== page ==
Multiple Generator Failures Caused Amazon Cloud Outage
Amazon Web Services says that the repeated failure of multiple generators in a single data center caused last Friday night’s power outage, which led to downtime for Netflix, Instagram and many other popular web sites. The generators in this facility failed to operate properly during two utility outages over a short period Friday evening when the site lost utility power, depleting the emergency power in the uninterruptible power supply (UPS) systems.
Amazon said the data center outage affected a small percentage of its operations, but was exacerbated by problems with systems that allow customers to spread workloads across multiple data centers. The company apologized for the outage and outlined the steps it will take to address the problems and prevent a recurrence.
The generator failures in the June 29 incident came just two weeks after a June 14 outage that was caused by a series of problems with generators and electrical switching equipment.
Just 7 Percent of Instances Affected
The incident affected only one availability zone within its US-East-1 region, and that only 7 percent of instances were offline. It did not identify the location of the data center, but said it was one of 10 facilities serving the US-East-1 region.
When the UPS units ran out of power at 8:04 p.m., the data center was left without power. Shortly afterward, Amazon staffers were able to manually start the generators, and power was restored at 8:24 p.m. Although the servers lost power for only 20 minutes, recovery took much longer. “The vast majority of these instances came back online between 11:15pm PDT and just after midnight,” Amazon said in its incident report.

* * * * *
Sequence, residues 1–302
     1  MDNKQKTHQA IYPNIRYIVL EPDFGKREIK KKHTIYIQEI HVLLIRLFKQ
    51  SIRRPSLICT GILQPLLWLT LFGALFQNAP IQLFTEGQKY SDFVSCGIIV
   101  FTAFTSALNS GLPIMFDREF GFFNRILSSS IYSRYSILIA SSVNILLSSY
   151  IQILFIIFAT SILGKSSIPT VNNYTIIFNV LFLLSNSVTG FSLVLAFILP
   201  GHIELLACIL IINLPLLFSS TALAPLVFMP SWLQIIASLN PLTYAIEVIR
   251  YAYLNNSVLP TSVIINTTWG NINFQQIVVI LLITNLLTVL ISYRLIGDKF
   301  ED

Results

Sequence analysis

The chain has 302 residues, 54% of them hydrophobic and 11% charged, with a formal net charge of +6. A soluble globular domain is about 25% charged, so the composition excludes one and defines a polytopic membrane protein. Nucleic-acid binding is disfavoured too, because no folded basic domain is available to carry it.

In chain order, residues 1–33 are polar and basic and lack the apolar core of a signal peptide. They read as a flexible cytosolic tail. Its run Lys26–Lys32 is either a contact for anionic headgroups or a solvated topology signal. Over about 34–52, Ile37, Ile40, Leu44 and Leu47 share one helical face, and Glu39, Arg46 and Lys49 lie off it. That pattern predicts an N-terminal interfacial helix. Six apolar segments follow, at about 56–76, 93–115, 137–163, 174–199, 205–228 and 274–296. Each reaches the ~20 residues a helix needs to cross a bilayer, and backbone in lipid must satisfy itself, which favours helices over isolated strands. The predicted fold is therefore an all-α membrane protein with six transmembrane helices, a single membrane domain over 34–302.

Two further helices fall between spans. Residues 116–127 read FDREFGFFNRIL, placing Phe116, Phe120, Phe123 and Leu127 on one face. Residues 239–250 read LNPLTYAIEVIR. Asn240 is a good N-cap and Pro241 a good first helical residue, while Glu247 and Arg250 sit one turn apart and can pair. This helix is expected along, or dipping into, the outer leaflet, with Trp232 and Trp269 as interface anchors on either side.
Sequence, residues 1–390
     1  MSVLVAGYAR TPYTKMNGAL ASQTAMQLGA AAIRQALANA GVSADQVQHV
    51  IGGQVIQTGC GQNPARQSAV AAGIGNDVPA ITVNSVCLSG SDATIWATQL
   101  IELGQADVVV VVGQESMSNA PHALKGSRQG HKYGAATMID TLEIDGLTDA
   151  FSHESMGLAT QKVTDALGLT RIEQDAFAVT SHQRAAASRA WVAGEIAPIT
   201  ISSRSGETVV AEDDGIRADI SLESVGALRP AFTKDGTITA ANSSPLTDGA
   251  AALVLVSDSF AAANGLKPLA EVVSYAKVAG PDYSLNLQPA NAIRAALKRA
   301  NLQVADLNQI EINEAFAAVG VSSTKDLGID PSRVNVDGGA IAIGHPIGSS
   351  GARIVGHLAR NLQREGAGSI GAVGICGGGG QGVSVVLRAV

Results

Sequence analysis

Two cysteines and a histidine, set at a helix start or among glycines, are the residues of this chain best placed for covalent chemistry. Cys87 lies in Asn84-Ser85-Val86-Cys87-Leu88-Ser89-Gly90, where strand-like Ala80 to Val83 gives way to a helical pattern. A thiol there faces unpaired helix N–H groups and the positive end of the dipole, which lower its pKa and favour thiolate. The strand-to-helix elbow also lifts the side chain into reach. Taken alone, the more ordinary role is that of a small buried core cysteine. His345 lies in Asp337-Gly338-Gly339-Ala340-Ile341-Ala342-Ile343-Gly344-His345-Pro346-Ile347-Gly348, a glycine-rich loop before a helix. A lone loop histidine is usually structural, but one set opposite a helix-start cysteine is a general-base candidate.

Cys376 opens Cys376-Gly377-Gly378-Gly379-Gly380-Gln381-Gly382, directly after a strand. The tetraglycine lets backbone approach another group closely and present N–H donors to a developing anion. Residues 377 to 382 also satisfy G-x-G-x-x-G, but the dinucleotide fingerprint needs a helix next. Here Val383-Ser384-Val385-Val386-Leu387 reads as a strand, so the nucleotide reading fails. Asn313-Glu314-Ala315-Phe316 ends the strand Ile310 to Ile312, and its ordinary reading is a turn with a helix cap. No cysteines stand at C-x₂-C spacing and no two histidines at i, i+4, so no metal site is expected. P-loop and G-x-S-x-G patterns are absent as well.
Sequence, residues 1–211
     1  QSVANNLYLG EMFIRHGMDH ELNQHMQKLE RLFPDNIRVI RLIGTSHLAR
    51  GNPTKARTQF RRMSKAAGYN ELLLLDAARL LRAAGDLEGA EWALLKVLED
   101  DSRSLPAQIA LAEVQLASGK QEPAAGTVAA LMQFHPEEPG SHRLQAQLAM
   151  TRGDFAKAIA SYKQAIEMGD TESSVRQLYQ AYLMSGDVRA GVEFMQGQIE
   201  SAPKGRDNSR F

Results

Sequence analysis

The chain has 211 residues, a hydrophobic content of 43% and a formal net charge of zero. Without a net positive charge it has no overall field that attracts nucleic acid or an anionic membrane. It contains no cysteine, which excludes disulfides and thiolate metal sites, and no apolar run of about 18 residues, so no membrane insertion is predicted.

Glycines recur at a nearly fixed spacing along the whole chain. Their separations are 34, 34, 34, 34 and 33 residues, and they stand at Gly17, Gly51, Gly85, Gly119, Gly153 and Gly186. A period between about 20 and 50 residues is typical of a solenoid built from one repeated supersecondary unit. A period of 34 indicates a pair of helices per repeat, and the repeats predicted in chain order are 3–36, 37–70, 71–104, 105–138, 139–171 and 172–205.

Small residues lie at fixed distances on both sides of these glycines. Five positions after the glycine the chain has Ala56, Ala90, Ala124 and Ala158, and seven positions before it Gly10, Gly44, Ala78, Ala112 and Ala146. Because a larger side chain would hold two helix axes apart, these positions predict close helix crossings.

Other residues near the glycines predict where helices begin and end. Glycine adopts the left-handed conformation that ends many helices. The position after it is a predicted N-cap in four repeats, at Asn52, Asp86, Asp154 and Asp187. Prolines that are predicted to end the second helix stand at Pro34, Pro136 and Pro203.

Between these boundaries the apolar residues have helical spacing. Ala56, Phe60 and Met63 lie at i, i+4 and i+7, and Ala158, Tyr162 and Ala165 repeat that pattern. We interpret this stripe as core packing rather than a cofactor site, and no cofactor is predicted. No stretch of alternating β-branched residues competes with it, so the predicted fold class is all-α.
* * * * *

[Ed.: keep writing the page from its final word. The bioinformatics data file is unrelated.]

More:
Amazon said a bug in its Elastic Load Balancing (ELB) system that prevented customers from quickly shifting workloads to other availability zones. This had the affect of magnifying the impact of the outage, as customers that normally use more than one availability zone to improve their reliability (such as Netflix) were unable to shift capacity.
Amazon: We Tested & Maintained The Generators
Amazon said the generators and electrical switching equipment that failed were all the same brand and all installed in late 2010 and early 2011, and had been tested regularly and rigorously maintained. “The generators and electrical equipment in this datacenter are less than two years old, maintained by manufacturer representatives to manufacturer standards, and tested weekly. In addition, these generators operated flawlessly, once brought online Friday night, for just over 30 hours until utility power was restored to this datacenter. The equipment will be repaired, recertified by the manufacturer, and retested at full load onsite or it will be replaced entirely.”
In the meantime, Amazon said it would adjust several settings in the process that switches the electrical load to the generators, making it easier to transfer power in the event the generators start slowly or experience uneven power quality as they come online. The company will also have additional staff available to start the generators manually if needed.
Amazon also addressed why the power outage was so widely felt, even though it apparently affected just 7 percent of virtual machine instances in the US-East-1 region.